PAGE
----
El Salvador is Central America’s smallest country and has the highest population density in the region with over 300 people per square kilometer. It ranks third in America, behind Honduras (Guatemala) and Guatemala, as well as among the most impoverished. UNICEF also lists it as one of the poorest. El Salvador’s poverty rate is more than 40%.
Moreover, the country is suffering badly from the consequences of climate change: Drought and forest fires are destroying areas used for food production, while hurricanes and floods cause widespread devastation. The threat to water supplies and food supplies is posed by degraded soil and growing urban sprawl.
Ricardo Navarro’s small, non-governmental organization CESTA (“Salvadoran Center for Appropriate Technology”) has been fighting for decades for a better climate and sustainable future in El Salvador. Thanks to the NGO’s perseverance, various laws have been passed, such as a ban on further metal mining.
CESTA’s central focus is to help smallholder women learn organic farming techniques and how to get local seeds. Women produce for their own consumption and make extra income by selling the surplus.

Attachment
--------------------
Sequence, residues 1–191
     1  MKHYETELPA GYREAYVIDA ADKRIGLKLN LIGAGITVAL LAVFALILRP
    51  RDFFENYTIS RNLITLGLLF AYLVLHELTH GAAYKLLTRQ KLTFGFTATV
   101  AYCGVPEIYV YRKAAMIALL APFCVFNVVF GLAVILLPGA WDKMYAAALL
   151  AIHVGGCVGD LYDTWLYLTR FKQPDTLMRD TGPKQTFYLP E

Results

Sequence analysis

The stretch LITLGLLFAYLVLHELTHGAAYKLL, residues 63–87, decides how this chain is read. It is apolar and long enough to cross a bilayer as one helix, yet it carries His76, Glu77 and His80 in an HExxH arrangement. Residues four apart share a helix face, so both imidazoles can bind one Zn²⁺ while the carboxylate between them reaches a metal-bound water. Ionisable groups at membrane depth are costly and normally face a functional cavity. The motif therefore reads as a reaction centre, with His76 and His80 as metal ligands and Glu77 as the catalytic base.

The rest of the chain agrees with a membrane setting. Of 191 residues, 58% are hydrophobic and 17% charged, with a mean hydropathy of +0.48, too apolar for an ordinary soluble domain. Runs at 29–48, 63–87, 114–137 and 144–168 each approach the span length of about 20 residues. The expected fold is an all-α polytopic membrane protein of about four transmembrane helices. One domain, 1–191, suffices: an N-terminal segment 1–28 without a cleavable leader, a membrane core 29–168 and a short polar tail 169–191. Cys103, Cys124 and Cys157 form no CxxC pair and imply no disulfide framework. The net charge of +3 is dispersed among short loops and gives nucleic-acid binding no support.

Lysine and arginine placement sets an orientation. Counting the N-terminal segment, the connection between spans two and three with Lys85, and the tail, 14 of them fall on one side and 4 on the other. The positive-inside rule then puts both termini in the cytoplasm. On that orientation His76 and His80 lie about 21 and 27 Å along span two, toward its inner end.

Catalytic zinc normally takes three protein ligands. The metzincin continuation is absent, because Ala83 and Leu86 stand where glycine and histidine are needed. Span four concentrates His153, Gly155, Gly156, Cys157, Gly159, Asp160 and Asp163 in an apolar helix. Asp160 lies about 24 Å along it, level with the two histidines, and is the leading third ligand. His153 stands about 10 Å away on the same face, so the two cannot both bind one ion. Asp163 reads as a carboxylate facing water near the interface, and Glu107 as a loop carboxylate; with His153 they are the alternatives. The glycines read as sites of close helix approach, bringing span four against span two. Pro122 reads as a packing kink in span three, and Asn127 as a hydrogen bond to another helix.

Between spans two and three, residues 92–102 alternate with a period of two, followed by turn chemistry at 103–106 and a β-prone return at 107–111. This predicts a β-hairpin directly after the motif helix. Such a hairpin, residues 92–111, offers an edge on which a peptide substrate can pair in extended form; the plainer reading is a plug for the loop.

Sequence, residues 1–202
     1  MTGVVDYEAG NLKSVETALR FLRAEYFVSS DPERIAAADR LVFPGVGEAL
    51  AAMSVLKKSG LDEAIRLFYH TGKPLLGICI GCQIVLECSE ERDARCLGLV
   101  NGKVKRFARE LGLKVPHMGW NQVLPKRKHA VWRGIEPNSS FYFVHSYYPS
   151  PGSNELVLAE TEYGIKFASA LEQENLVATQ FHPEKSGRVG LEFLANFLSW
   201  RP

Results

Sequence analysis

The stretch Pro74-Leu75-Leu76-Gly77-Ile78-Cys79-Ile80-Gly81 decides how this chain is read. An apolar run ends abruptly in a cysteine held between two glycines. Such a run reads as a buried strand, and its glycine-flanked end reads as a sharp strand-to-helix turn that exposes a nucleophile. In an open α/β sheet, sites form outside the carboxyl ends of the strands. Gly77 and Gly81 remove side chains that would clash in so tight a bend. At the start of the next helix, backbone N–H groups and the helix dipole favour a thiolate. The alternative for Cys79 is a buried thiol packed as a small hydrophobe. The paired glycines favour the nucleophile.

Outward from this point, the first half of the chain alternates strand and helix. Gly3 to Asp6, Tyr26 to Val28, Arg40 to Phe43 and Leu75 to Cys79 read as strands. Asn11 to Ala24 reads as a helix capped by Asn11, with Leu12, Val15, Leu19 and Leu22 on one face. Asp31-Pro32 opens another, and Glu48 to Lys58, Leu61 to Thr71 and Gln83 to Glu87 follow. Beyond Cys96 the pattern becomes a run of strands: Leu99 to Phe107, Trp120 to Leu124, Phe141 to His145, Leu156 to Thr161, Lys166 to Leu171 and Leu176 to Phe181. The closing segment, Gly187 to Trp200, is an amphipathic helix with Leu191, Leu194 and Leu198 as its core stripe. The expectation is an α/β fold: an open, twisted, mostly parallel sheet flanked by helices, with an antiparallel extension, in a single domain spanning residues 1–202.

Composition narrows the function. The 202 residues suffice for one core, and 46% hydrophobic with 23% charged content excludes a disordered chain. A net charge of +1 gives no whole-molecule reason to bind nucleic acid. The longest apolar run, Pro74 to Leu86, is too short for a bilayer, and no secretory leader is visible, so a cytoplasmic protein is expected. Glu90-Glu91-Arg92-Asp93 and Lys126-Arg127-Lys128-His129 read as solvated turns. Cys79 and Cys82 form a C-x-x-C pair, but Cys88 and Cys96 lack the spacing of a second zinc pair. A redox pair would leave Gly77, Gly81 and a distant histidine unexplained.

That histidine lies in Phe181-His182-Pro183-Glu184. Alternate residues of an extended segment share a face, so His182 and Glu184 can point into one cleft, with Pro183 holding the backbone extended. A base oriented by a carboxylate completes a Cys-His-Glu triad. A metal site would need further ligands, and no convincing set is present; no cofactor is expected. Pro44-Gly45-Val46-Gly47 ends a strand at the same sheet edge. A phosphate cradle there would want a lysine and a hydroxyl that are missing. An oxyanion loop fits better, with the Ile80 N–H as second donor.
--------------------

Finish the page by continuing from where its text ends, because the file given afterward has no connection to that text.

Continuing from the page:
Goal of the project: CESTA was one of the first small organisations to receive support from the German Federal Ministry for the Environment to increase its climate commitment under the IKI Small Grants Program. The CESTA program focuses on supporting women through environmental education. IKI Small Grants supports micro-projects in climate and nature conservation across 27 countries.
Project partner:The IKI Small Grants program is implemented by the Deutsche Gesellschaft für Internationale Zusammenarbeit (GIZ) GmbH on behalf of the BMU.
Project duration: The project in El Salvador started in May 2021 and will run for two years.
Budget: Total funding available for the IKI Small Grants projects amounts to €3 million.
Carolina Chimoy’s film